Posts tagged human rights
Posts tagged human rights
Venezuelan human rights group PROVEA has released the July issue of Venezuela: International Bulletin on Human Rights. This issue looks at the paradox of scarcities at a time of increased consumption (see our coverage here), the right to strike, and the human rights implications of Venezuela assuming the pro tempore presidency of MERCOSUR.
The bulletin is published monthly in Spanish, English and French.
Hugo Pérez Hernáiz
A group of Venezuelan human rights organizations put out a press release on Sunday responding to accusations Interior Minister Miguel Rodríguez Torres made against human rights activist Rocío San Miguel. San Miguel is President of the human rights NGO Control Ciudadano which specializes on access to information in military matters.
On Saturday 20th in an interview on state television Rodríguez Torres responded to San Miguel’s criticisms of the use of military personal in his citizen’s security Plan Patria Segura, by suggesting that she is a CIA operative.
“I was listening to [San Miguel] talk about human rights and the Armed Forces the other day. What I can tell you about her is that she is a CIA operative in Venezuela, and I can prove it.”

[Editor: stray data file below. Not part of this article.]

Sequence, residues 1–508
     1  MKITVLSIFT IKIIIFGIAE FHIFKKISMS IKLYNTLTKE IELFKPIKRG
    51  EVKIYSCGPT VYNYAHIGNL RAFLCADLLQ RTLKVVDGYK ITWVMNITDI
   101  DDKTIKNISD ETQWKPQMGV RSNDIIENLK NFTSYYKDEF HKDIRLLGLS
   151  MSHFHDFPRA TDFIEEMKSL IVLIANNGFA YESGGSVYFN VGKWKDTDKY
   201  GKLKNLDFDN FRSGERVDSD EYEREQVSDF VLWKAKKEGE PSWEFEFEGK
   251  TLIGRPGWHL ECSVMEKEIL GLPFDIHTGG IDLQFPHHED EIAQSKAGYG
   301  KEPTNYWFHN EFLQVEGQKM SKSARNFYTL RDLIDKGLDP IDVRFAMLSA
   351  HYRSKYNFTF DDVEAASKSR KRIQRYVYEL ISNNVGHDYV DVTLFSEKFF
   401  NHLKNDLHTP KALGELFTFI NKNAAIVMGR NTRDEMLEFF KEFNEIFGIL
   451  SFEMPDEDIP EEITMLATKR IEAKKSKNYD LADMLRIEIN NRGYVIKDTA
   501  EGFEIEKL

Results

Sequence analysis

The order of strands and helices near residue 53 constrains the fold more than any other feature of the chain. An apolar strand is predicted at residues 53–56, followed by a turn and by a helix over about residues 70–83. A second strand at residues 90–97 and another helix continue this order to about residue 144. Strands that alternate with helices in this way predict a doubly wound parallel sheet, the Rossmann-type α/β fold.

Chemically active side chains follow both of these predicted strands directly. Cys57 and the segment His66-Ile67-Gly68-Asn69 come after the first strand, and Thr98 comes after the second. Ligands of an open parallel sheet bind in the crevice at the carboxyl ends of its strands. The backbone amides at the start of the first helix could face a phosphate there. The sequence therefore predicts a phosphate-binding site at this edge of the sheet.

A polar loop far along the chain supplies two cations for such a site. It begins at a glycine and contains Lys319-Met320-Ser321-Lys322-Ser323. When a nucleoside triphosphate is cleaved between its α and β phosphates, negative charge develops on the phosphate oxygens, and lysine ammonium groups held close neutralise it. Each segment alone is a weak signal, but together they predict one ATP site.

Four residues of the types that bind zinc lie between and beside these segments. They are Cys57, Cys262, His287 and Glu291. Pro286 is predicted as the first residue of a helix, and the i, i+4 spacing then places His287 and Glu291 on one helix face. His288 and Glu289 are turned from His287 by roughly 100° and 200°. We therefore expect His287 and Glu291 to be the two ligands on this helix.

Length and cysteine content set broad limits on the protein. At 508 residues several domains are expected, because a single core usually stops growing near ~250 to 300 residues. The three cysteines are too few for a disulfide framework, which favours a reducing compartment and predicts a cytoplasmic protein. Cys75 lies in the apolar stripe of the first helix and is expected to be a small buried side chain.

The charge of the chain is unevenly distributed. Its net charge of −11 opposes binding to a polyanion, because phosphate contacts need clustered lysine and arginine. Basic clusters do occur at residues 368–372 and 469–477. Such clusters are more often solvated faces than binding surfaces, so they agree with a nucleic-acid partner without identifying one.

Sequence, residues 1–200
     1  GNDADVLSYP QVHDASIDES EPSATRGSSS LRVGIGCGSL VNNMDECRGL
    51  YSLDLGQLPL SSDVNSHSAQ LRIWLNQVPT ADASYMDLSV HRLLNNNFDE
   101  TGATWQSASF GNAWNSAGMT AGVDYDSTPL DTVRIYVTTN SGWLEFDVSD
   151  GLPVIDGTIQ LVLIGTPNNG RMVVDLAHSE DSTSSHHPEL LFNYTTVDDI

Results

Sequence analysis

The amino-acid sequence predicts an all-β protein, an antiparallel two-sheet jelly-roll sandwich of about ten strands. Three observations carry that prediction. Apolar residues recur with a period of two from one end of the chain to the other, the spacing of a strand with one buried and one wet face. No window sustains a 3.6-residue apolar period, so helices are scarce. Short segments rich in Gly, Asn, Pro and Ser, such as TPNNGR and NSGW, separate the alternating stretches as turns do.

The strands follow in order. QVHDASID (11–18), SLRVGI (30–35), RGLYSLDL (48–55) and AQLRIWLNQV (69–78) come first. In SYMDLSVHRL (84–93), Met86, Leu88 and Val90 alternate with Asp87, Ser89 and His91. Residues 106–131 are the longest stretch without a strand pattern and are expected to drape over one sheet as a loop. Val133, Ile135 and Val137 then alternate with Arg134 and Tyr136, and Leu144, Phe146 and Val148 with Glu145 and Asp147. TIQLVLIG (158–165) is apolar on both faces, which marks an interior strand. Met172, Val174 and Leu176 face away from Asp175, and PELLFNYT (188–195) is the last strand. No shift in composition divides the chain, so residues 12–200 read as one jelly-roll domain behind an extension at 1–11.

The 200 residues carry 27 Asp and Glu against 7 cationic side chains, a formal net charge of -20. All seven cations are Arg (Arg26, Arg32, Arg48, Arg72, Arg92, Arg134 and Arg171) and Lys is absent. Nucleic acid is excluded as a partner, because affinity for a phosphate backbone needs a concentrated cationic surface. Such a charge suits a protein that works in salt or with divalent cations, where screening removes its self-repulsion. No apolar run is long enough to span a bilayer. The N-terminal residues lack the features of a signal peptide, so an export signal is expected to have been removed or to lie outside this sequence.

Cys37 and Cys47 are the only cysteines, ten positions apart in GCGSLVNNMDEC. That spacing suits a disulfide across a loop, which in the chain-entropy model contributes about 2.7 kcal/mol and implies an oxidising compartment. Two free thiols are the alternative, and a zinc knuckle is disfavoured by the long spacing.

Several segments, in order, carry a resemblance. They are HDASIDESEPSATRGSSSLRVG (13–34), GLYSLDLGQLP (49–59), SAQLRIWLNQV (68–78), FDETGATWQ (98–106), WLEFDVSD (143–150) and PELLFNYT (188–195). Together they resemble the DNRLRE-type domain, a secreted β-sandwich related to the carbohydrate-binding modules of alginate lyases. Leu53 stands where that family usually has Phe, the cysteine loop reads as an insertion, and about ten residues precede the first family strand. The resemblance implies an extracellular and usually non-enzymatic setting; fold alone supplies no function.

In their press release the human rights NGO’s reminded the Venezuelan that since January 18th 2012 San Miguel is protected by a precautionary measure ordered by the Inter-American Court of Human Rights for the protection of her physical, moral, and psychological integrity.
Human rights group PROVEA (Venezuela Program for Education and Action in Human Rights) has released the third edition of its new International Bulletin on Human Rights.
The Bulletin is released in Spanish, Portuguese, French and English and covers the most important human rights issues of the month. This edition looks at labor unrest, the Venezuelan government’s denunciation of the American Convention on Human Rights, and several laws that may have an adverse effect on social protest, including the Law against Organized Crime and the Financing of Terrorism, which was passed in May 2012.
Last week Provea released its 2012 annual report on human rights in Venezuela. In a previous post, I outlined their findings regarding economic, social, and cultural rights, as they are presented in the 1999 Constitution. In this post, I review the report’s key findings concerning civil and political rights.